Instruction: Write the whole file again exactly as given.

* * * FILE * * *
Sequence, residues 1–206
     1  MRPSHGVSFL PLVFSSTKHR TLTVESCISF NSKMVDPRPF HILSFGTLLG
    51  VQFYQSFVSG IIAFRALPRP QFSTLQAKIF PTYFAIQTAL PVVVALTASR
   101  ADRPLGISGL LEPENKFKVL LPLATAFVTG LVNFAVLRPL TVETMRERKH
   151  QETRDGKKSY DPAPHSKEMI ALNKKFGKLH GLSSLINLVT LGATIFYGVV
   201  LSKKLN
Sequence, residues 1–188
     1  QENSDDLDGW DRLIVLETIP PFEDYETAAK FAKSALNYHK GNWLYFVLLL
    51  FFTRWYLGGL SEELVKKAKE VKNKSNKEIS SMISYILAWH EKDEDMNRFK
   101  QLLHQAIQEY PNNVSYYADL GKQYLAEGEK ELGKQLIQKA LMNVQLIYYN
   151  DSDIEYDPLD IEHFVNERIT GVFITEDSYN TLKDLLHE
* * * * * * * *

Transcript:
Sequence, residues 1–206
     1  MRPSHGVSFL PLVFSSTKHR TLTVESCISF NSKMVDPRPF HILSFGTLLG
    51  VQFYQSFVSG IIAFRALPRP QFSTLQAKIF PTYFAIQTAL PVVVALTASR
   101  ADRPLGISGL LEPENKFKVL LPLATAFVTG LVNFAVLRPL TVETMRERKH
   151  QETRDGKKSY DPAPHSKEMI ALNKKFGKLH GLSSLINLVT LGATIFYGVV
   201  LSKKLN
Sequence, residues 1–188
     1  QENSDDLDGW DRLIVLETIP PFEDYETAAK FAKSALNYHK GNWLYFVLLL
    51  FFTRWYLGGL SEELVKKAKE VKNKSNKEIS SMISYILAWH EKDEDMNRFK
   101  QLLHQAIQEY PNNVSYYADL GKQYLAEGEK ELGKQLIQKA LMNVQLIYYN
   151  DSDIEYDPLD IEHFVNERIT GVFITEDSYN TLKDLLHE